Martin Tolstrup, associate professor at Department of Clinical Medicine at Aarhus University and Department of Infectious Diseases at Aarhus University Hospital. Photo: Tonny Foghmar
Maybe cured corona patients carry a treatment for COVID-19 in their blood? Researchers at Aarhus University and Aarhus University Hospital will study if the antibodies in the blood of cured COVID-19 patients can protect against the new coronavirus. The study has received DKK 7 million from a new Danish government programme for research in the new coronavirus/COVID-19.
When the body is attacked by virus, it produces antibodies in the blood to fight the disease. A new study from Aarhus University and Aarhus University Hospital will find out if antibodies from cured COVID-19 patients can be used in the treatment of patients infected with the new coronavirus. The study is led by Martin Tolstrup, associate professor at Department of Clinical Medicine at Aarhus University and Department of Infectious Diseases at Aarhus University Hospital.
”The study investigates the quality of the antibodies of cured COVID-19 patients. Antibodies are produced to fight the infection and we must find out if the quality of the antibodies is high enough to be used in the treatment of patients with COVID-19”, says Martin Tolstrup, who has received close to DKK 7 million from the new Danish government research funding programme of DKK 150 million.
The purpose of the study is to extract blood plasma from the blood of cured persons and use it in the treatment of patients with COVID-19 by a blood transfusion. At first, the treatment is targeted at patients with COVID-19 who are not yet critically ill but at risk of developing critical illness.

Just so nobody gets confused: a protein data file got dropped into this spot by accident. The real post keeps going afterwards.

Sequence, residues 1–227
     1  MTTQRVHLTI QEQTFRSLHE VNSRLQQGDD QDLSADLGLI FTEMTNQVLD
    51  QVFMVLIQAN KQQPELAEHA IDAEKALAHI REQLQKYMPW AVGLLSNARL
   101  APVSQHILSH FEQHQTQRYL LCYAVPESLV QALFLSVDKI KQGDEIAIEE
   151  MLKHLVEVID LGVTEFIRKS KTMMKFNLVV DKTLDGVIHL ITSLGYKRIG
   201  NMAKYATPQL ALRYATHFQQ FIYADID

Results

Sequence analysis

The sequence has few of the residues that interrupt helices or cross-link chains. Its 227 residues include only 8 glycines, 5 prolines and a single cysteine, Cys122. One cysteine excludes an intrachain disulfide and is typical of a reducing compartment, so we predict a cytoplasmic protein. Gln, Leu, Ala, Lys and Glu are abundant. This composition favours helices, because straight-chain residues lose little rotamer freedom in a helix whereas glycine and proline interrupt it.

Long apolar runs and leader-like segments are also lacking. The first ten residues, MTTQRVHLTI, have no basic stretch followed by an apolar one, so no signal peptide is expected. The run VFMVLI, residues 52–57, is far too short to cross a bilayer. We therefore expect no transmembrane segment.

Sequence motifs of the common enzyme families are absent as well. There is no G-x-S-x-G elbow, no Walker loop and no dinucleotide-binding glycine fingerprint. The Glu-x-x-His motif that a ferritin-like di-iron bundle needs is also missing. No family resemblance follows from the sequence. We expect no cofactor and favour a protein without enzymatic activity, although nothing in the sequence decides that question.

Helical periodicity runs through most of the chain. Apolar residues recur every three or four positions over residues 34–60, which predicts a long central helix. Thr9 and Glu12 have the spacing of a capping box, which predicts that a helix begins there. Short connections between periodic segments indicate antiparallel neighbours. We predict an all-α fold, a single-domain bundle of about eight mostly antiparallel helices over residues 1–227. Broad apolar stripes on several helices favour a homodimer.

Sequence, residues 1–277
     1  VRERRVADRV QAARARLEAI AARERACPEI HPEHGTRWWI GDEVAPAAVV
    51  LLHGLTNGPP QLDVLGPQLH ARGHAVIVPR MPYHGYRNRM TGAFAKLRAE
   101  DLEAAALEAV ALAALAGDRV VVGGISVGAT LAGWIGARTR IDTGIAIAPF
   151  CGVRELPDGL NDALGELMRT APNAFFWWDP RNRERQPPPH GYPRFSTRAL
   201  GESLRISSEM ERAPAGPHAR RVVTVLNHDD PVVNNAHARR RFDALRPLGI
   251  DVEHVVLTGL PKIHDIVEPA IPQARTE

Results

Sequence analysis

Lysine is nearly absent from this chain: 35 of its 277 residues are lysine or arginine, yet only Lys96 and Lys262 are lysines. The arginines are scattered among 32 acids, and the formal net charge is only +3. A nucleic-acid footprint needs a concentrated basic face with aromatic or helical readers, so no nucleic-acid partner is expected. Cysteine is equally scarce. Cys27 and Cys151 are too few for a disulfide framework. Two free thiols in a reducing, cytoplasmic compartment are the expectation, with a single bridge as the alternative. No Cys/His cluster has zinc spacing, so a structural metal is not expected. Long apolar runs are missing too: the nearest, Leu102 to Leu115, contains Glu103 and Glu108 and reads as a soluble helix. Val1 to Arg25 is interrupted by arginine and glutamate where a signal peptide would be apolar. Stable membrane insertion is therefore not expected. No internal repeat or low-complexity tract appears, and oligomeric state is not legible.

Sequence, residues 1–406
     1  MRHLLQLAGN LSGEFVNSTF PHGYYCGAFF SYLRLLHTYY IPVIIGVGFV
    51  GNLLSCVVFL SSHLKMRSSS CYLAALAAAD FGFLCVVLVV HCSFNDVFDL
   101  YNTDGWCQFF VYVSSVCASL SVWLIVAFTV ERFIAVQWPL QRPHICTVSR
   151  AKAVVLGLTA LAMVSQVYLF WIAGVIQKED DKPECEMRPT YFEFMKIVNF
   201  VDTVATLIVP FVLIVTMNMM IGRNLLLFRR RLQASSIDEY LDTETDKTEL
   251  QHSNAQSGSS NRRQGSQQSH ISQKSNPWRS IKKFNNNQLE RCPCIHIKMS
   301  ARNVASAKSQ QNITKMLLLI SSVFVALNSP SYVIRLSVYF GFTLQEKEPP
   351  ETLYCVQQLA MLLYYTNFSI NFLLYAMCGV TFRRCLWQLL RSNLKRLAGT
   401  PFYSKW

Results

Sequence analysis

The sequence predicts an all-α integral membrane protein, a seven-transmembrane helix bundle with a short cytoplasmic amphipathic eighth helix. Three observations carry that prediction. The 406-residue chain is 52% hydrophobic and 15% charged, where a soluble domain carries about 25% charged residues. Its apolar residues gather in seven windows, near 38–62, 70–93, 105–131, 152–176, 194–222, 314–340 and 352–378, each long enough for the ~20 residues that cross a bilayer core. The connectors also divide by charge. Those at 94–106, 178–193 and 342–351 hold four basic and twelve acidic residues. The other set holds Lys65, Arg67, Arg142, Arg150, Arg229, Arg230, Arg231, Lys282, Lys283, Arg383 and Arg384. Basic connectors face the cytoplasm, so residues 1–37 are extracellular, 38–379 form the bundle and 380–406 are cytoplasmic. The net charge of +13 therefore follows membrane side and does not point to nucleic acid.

”Antibodies are very effective as a biological drug because it is a part of the body’s own immune system. The study will test the quality of the antibodies produced in cured COVID-19 patients. When we induce the antobodies in an infected person, we hope this will help the body to fight the infection”, says Martin Tolstrup. Together with his research colleagues, he has contacted cured patients, who play a key role to complete the study.
”We have contacted persons who were tested positive for the new coronavirus approximately four weeks ago and who are now cured. At this time, they have the amount of antibodies in the blood to measure it optimally, says Martin Tolstrup.
He expects that a minimum of 200 formerly infected persons will be enrolled in the study at Aarhus University Hospital. Already now, more cured patients have volunteered to be donors.
”We have received a very positive respons. Many would like to contribute to the study and we are very pleased with that”, says Martin Tolstrup.
The study is divided into two phases; in the first phase, researchers will extract and test the antibodies in the blood of cured patients to measure the quality of the antibodies. This will be done in a research laboratory in Aarhus. In phase two, hospitalised patients who are believed to benefit from a plasma transfusion with plasma extracted from the donor blood will have the transfusion. The plasma transfusion will take place at several Danish hospitals.
MSc, associate professor at Department of Clinical Medicine, Aarhus University, Department of Infectious Diseases, Aarhus University Hospital
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